Riding my bike down Driftwood Road. Riding into a tunnel of sensation, the gravel rattling my tires, flickers erupting from the ditches, the creek a muffled roar on my left. Sweet with the smell and sight of the big white plumes of flowering false Solomon’s-seal. And the roses! There has never been such a year for roses. I ride into a wind, heavy with roses. Past a thicket of elderberry bushes, a copse of cottonwoods, across the bridge. Leaving the creek and climbing out of the canyon into the expanse of (I think) an alluvial fan formed when the glaciers receded into the remnant snowfields of the Babines leaving an outwash of the gravel underlying the fields beside the Driftwood school and Glenwood Hall at the Telkwa Highroad.
I turn to ride down the highroad to Glentanna—a ribbon through a pastoral landscape—and the rising wind carries new smells. First horses as I pass Eileen Shorter’s farm, the L’Orsas’, then cows in the Nageli’s fields and more horses up around the corner past the Northern Wildlife Shelter. The Bruhjells’—cattle ranchers from the early days—and then hay, the cutting just beginning, the air thick with its fragrance. Down through the pungent odor of dairy farms—Ewalds’, Brandsmas’—as I make the turn, not up Snake Road past Veenstras’ toward Sturzeneggers’, but left and down once again towards the creek. It is only then the wind lets up and I coast down to the driveway that leads to Tristan and Damien Jones’ place on the edge of the steep drop that gives Snake Road its name.
They bought the land from the Sturzeneggers in August 2001, started building the next spring and moved into their new home in November, 2002.
Tristan tells the story:
“We came here to visit my aunt and uncle (Peter White). We came in November and it was pouring rain. The next morning the clouds parted and there was snow on the peaks. He started driving us around the valley; I looked at Damian and said, I could live here.”
The house they built shows some of the influences of Tristan’s Banff connections—she grew up in what she calls the Whyte bubble—the Whytes are an old Banff family deeply connected to the park’s mountain culture. She and Damian ran a guest lodge in Canmore and both wanted out of the hospitality business, into a life that offered Damian more opportunities for creativity.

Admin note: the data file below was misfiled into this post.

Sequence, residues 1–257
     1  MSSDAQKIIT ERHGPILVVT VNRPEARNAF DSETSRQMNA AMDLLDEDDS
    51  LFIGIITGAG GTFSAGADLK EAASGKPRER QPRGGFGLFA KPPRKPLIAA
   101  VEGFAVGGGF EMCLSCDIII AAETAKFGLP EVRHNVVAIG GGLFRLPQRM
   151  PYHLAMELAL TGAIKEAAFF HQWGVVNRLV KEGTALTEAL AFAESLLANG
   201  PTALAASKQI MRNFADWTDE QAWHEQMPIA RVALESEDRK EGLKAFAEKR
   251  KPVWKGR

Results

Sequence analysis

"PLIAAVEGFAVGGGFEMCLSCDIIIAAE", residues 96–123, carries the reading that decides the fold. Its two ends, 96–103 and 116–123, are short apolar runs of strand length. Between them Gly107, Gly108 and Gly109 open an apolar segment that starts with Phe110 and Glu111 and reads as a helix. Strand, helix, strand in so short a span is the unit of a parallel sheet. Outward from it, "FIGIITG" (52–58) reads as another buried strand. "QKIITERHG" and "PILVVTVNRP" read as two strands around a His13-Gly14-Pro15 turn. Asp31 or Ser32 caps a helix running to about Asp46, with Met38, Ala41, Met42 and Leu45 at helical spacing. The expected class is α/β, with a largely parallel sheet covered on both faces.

Tristan figures they passed some kind of test because they were grilled closely about their plans for the place before the Sturzeneggers agreed to sell. Peter and Paul, the brothers, spent a lot of time on the property fishing both on the river and the creek, and were pretty attached to it.
As well as wanting to snowshoe and hike on their property, Tristan and Damian hoped to get right off the grid. Leroy Taylor (who owns land on the other side of Driftwood Creek as well as 40 acres below their place down to the confluence) talked them out of early plans to build a micro-power project on the creek because it tends to wash out significant sections every few years. Instead they’ve installed solar panels, built a root cellar, greenhouse and planted a big garden. Along with Damian’s parents who live right next door, they are about 80 per cent there in terms of self-sufficiency, Tristan says.
And they’ve made room in their busy lives for creativity: Damian’s Harvest Designs creates beautiful furniture out of re-purposed wood, he builds guitars for Rayco Resophonics and plays guitar with The Train Wrecks.
Tristan loves the solitude as well as the convenience of being just 16 km from town.
“We live on a bear highway. There’s an ephemeral creek and when it dries up the bears have to go down to Driftwood Creek to get water and we see them coming through. My brother was sleeping in our cabin and spent an hour one morning watching a bear eating Saskatoons outside the window. We see them eating dandelions, tearing up anthills. One day we watched a mom introduce her cubs to an anthill—they’d jump in and then jump back—it was hilarious.”
Everywhere I walk with Tristan today, we see the iconic view of Hudson Bay Mountain and we hear Driftwood Creek.
“I love that I can hike up to the headwaters of the creek that runs past our home, that waters our garden —it’s the wellspring of our lives here.”